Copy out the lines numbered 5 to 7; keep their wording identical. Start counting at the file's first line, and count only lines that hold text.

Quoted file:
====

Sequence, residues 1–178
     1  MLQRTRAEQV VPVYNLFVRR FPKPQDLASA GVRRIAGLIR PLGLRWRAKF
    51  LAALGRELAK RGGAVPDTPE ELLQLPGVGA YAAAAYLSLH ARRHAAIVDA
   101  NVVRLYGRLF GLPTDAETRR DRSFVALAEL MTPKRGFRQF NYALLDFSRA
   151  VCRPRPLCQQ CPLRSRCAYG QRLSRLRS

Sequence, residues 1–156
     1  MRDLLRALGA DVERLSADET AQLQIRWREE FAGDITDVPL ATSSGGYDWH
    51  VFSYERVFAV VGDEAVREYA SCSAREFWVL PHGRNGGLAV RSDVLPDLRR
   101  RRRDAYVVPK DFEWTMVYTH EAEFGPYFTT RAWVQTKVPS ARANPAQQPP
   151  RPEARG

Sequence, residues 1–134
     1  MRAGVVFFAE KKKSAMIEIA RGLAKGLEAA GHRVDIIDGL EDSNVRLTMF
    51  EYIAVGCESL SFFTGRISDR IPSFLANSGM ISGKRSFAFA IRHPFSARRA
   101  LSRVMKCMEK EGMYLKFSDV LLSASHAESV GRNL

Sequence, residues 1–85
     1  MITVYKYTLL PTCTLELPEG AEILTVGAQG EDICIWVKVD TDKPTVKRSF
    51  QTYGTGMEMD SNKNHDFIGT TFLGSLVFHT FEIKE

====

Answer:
   151  VCRPRPLCQQ CPLRSRCAYG QRLSRLRS

Sequence, residues 1–156
     1  MRDLLRALGA DVERLSADET AQLQIRWREE FAGDITDVPL ATSSGGYDWH